Certificate 12A, 114 minutes
Director: Gavin Hood
Stars: Harrison Ford, Asa Butterfield, Hailee Steinfeld
50 years before the start of Ender's Game an insectile alien race called the Formics attacked Earth and left tens of millions dead. The aliens were driven off, and the survivors vowed it would never happen again. The International Fleet was formed to take the battle to the enemy before they can return. The fleet is recruiting children as their commanders, as they will be able to deal with the threat better, and sending them to the fleet Battle School, under the command of Colonel Graff (Harrison Ford, Star Wars: The Force Awakens, The Expendables 3). The film is based on the novel of the same name by Orson Scott Card.
Credit: https://en.wikipedia.org/wiki/File:Ender%27s_Game_poster.jpgAndrew "Ender" Wiggin (Asa Butterfield, Hugo) is a Third, a third child born to a couple. Normally, only two are allowed but, because of the promise his two siblings showed but failed to deliver on, Ender's parents were allowed to have a third, in the hopes that that promise would be fulfilled in him. His older sister Valentine (Abigail Breslin, The Call, Zombieland) had failed because she showed too much empathy, whilst their older brother Peter (Jimmy 'Jax' Pinchak) had failed because he is a sociopath with far too little.
Ender succeeds and is taken to Battle School by Graff. Times are considered to be desperate, and so desperate measures are taken to protect humanity, things that would normally not be done. Ender is deliberately isolated from the others to a greater or lesser degree, although he does build up a cadre of friends, particularly Bean (Aramis Knight) and Petra (Hailee Steinfeld, 3 Days to Kill).
After Battle School comes Command School, where Ender and his inner circle of commanders are trained and tested in order for them to be suitable to command the fleet, with Ender in overall command. And why is called Ender's Game? Because Ender thinks that he is playing one in Command School.
Differences from the Novel
There are, as can only be expected, differences between the book and the movie, but overall the film stays pretty close to the story in the book.
The differences are mostly of compression. The length of time spent on the Mind Game and the number of battles at both Battle School and at Command School have all been reduced, as has the amount of time spent at each, otherwise the film would have been a lot longer without probably adding much to it. Successively more difficult battles and how Ender manages to deal with them work a lot better in the book than they would probably have done in the film, as in the latter they would have started appearing fairly repetitive.
The biggest difference is the subplot between Ender's sibblings Peter and Valentine on Earth, which doesn't crop up at all. This subplot would have been difficult to handle and possibly quite boring to watch as, in Card's words, "because that's just watching people type things into the computer."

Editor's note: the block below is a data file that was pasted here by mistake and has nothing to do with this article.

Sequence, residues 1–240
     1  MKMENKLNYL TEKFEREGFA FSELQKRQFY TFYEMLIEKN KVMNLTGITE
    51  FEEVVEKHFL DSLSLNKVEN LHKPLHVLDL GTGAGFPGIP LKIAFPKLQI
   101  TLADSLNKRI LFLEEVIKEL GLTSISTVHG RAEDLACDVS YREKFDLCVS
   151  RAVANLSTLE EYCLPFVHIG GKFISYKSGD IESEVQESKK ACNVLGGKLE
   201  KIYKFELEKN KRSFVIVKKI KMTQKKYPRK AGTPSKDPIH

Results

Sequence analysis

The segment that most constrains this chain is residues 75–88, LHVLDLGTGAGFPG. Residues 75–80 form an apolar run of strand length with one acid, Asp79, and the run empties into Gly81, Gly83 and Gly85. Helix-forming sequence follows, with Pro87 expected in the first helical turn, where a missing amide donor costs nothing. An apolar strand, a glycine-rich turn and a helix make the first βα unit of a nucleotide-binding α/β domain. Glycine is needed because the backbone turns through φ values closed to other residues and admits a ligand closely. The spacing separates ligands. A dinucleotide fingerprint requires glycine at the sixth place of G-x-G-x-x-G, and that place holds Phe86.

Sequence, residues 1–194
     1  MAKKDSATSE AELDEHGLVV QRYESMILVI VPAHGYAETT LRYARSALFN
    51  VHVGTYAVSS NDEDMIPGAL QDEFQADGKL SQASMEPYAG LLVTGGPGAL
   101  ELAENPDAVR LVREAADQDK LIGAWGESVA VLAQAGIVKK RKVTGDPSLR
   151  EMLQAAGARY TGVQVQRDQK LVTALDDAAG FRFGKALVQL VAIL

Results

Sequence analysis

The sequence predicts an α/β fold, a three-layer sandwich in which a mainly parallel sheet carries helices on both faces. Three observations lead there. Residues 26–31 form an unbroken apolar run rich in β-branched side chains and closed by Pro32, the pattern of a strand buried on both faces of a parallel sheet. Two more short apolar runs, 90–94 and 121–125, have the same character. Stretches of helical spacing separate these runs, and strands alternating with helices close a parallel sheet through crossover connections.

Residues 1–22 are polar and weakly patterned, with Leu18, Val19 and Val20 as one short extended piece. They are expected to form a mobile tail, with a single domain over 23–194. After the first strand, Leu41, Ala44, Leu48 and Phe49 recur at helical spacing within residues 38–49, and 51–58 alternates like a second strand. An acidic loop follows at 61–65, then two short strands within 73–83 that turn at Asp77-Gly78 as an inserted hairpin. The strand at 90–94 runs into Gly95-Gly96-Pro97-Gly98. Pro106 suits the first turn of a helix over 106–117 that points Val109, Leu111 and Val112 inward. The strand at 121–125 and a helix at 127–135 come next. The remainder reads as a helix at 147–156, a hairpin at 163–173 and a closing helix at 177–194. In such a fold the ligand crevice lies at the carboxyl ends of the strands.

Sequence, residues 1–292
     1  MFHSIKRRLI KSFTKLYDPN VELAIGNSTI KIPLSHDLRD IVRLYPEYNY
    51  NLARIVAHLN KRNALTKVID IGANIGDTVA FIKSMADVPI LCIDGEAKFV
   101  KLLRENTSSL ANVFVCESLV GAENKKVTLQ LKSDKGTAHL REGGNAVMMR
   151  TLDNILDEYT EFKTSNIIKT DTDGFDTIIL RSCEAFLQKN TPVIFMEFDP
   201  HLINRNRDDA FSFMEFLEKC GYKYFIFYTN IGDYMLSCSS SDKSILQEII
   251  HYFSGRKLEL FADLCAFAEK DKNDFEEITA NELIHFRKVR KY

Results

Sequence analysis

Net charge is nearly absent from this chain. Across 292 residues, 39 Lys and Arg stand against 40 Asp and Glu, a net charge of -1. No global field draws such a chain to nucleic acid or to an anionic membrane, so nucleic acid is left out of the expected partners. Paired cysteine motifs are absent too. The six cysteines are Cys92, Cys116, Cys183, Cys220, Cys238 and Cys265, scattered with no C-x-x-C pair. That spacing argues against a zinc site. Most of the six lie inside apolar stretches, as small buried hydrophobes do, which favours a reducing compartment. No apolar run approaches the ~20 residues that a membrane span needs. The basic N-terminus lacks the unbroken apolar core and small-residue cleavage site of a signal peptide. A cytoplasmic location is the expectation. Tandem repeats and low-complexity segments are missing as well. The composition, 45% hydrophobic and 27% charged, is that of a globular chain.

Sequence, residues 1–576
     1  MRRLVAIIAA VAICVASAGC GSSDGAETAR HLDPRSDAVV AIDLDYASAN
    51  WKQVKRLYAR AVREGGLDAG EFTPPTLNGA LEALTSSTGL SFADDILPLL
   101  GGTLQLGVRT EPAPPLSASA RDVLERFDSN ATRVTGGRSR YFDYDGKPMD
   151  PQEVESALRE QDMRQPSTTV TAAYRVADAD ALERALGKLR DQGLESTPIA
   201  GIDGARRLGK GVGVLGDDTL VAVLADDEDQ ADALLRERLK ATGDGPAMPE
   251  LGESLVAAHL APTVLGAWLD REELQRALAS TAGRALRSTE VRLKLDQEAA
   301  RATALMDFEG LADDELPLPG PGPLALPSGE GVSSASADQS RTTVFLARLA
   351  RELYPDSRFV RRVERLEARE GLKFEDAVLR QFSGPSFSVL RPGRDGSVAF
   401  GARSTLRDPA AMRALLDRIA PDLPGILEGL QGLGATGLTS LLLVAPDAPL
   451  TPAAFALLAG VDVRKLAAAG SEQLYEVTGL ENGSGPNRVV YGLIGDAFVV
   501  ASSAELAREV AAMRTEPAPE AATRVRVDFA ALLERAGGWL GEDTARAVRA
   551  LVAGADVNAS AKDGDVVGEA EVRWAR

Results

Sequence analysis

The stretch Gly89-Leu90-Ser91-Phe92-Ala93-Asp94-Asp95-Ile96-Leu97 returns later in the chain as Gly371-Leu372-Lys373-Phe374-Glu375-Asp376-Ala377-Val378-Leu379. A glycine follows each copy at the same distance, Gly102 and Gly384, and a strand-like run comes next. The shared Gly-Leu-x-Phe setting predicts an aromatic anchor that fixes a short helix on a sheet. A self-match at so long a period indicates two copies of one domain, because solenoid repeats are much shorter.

The children in the film are, and appear to be portrayed as being, older than those in the book; Ender being only ten when he enters Command School in the novel. The aliens in the first book, and often tin the subsequent books when they were referenced, were called by the, deliberately derogatory, name "Buggers," rather than Formics. Also, humanity's level of technology at the time of the first attack seems to be pretty close to present levels, whilst in the novel people had started colonising the Solar System and the battles were actually in space.
The future portrayed, although not shown to be either a military or a police state, is one which is quite ruthless when it comes to doing what is necessary. The military would seem to have a lot of power, and they are willing to lie and manipulate people, and recruit children into the military at what would have been considered far too young an age, in order to save the world - with the argument being if they didn't, there wouldn't be any children left to protect. It shows that, when the choice is between survival and morals, morals can easily get thrown out of the window, with the intention of getting them back at a later point when humanity's survival is no longer on the line. The film itself is has some impressive space combat scenes, and the weightless scenes in Battle School are quite effective and actually look genuine.
Some of the ending from the book has been kept in, although shortened and slightly altered, for one thing, it happens years earlier and in a different place than in the novel, and this is quite important, more from a philosophical point than for the actual story, as missing it out would have missed some of the point of the story.
Will there be a sequel or even a prequel to this? Well, there could be, as there are quite a few novels in the Enderverse, both from the main Ender series and from the Shadow series. The real problem is that most of the novels in the Ender series are of a different type to Ender's Game, as this effectively military science fiction and the others are far more philosophical, although Ender's Game does still have quite a bit of philosophy and the contemplation of morals and whether war justifies everything that is done in order to survive. A notable exception could be Ender's Shadow, which runs mostly parallel to the events in Ender's Game and covers Bean's story. Other than that, Ender's Game is a good science fiction film, that shouldn't disappoint those familiar with the novel.